Stocks flat ahead of G20; dollar slips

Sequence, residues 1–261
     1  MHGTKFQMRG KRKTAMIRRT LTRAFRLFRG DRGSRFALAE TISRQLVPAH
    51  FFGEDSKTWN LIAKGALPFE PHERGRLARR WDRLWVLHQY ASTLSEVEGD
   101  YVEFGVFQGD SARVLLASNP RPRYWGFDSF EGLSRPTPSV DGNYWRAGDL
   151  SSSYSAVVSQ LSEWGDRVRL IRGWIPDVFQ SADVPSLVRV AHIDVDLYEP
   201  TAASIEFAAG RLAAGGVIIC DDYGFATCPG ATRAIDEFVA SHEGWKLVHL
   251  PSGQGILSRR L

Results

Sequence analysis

Global equity markets traded mostly flat on Monday as investors awaited U.S.-China trade talks the end of this week at the G20 summit, and the dollar fell to three-month lows on bets the Federal Reserve may cut interest rates more than once this year. European stocks stumbled on fears of an escalation in Iran tensions, which also kept gold prices near a six-year high. U.S. President Donald Trump targeted Iranian Supreme Leader Ayatollah Ali Khamenei and other Iranian senior officials with new sanctions on Monday. Earlier in China, shares closed higher on hopes of a thaw in the U.S.- China trade dispute, which has been blamed for slowing global growth. The blue-chip CSI300 index rose 0.2%, and the Shanghai Composite Index also gained 0.2%. Chinese state media said on Sunday that President Xi Jinping will attend the G20 summit in Osaka, Japan, in the first official confirmation of his attendance at a gathering where he is expected to meet with Trump. US stocks rose but held below the record intra-day high set last week. They are unlikely to push much higher without progress on US-China trade or a Fed rate cut, said Rick Meckler, a partner at Cherry Lane Investments in New Vernon, New Jersey. Until we get that G20 meeting and start to get some feedback from the (Trump) administration, it’s going to be tough to go higher, he said. MSCI’s gauge of stocks across the globe gained 0.07%, while the FTSEurofirst 300 index of leading European shares closed down 0.25% on weak German economic data and a profit warning from Mercedes Benz maker Daimler. German business morale fell in June to its lowest level since November 2014, an Ifo Institute survey showed, adding weight to expectations that Europe’s largest economy contracted in the second quarter. Germany’s DAX index fell 0.53%. On Wall Street, the Dow Jones Industrial Average rose 26.41 points, or 0.1%, to 26,745.54. The S&P 500 lost 2.17 points, or 0.07%, to 2,948.29, and the Nasdaq Composite dropped 16.57 points, or 0.21%, to 8,015.14. The dollar softened against a basket of currencies on bets the Fed may lower rates more than once this year, while U.S.-Iranian tensions provided safe-haven support for the yen.— VoM

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